Statues and stories

1.12 The statues and their stories

Equestrian statues often purport to tell a story. In most cases, this is the story of the life of the person portrayed, frequently achieved by using reliefs on the pedestal of the statue to commemorate important events; victories and the like. However, the equestrian statue itself can also tell the story of a famous battle, a local myth or a noteworthy event in national history. Simply the setting of the statue can do this, for example the battlefields in Gettysburg and Manassas (US), the statue of Napoleon in Laffray in France, or by the combination with other sculptures.

Some other noteworthy examples:

Bendigeidfran (Welsh for ‘Blessed Crow’) is a giant and a king of Britain in Welsh mythology. He appears in several of the Welsh Triads texts, but his most significant role is in the ancient prose, the Second Branch of the Mabinogi. An equestrian sculpture, by Robert-Jones near Harlech Castle (Wales), called The Two Kings, shows Bendigeidfran carrying the body of his nephew Gwern following the latter’s death at  the hand of Efnysien.

The Göttingen Seven, a monument in Hannover, shows seven professors protesting the revoke of the liberal constitutional law by King Ernst August; a tribute to civil courage. Notably special here is the free documentation (also available in English) telling the story of Die Göttinger Sieben.

The equestrian statue of István Dobó in Eger (Hungary), shows three battling warriors in memory of the heroic way István, with only 2,000 men, successfully resisted an 80,000 strong Ottoman army.

Some fine examples are The Great Montana Centennial Cattle Drive Monument (Billings, Massachusetts), Homesteader Preparing to Stake a Claim (Ponca City, Oklahoma), The Prophet’s Last Ride (Nauvoo, Illinois) and the series of equestrian sculptures commemorating the famous Pony Express.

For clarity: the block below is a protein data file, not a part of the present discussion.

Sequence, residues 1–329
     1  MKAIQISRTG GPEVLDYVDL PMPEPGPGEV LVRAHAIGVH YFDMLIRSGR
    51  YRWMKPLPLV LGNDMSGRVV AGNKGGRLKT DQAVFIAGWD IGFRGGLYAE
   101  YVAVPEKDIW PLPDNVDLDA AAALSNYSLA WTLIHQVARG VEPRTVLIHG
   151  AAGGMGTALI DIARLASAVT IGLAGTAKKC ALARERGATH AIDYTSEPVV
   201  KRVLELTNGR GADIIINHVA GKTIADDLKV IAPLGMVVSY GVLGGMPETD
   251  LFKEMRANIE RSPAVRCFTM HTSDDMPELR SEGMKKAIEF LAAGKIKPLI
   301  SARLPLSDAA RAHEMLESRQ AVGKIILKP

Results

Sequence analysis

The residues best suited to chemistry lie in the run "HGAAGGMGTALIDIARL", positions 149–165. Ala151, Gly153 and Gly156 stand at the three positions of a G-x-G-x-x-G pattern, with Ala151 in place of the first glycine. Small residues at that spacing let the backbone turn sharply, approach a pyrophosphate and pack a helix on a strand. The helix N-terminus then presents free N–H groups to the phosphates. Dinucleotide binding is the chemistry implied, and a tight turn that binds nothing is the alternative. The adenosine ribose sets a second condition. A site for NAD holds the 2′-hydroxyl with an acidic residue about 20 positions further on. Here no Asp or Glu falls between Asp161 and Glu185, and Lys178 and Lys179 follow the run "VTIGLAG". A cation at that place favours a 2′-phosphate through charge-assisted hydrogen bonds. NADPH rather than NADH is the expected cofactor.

It may be unnecessary to state that the sculptures do not always reflect reality. A good example of this is the equestrian statue of Leopold II alongside the sea boulevard in Ostend (Belgium). Two groups of statues embellish the pedestal of the statue: one representing the grateful Congolese people because Leopold II had ‘liberated them from the slavery by the Arabs’ and the other group representing ‘the homage by the Ostend fishermen to its brilliant protector’. The latter group may be realistic; the former is certainly not.

Statues with a nickname

Some equestrian statues have nicknames. Here are a few examples:

‘Der alte Fritz’ (Friedrich II der Grosse in Berlin), ‘the Archduke’ (the Duke of Wellington in Aldershot; named because the statue originally stood on top of the arch at Hyde Park Corner in London), the ‘Iron Duke in bronze by Steel’ (Wellington in Edinburgh by the sculptor John Steel), ‘Der Goldener Reiter’ (August I in Dresden), ‘the Bronze Titan’ (Antonio Maceno in Santiago de Cuba), ‘el Caballito’ (in Mexico City and meaning small horse, thus neglecting the rider, Charles IV of Spain), ‘the Hobbyhorse’ (Andrew Jackson in Washington) and ‘the Bronze Horseman’ (Peter the Great in Saint Petersburg), the name of which was derived from a narrative poem written by Alexander Pushkin.

Nonsense stories about equestrian statues

Two nonsense stories concerning equestrian statues come up from time to time.

The first is the theory that the statues contain a code whereby the rider’s fate can be determined by noting how many hooves the horse has raised. For example, one raised hoof indicates wounded in battle, two raised hooves death in battle. Needless to say, even if such a code ever existed, almost no sculptor respected it.

A second popular story is about the sculptor going mad as a result of the stress connected with the daring construction of a statue, or the artist committing suicide because of the terrible reviews given to his work. It is certainly true that the making of an equestrian statue can be tremendously stressful, due to capricious commissioners, unfeasible deadlines or the lack of funds or materials. It may sometimes have affected the health of the artist or even have led to a premature death, but most of the stories about going mad or committing suicide have proved to be untrue.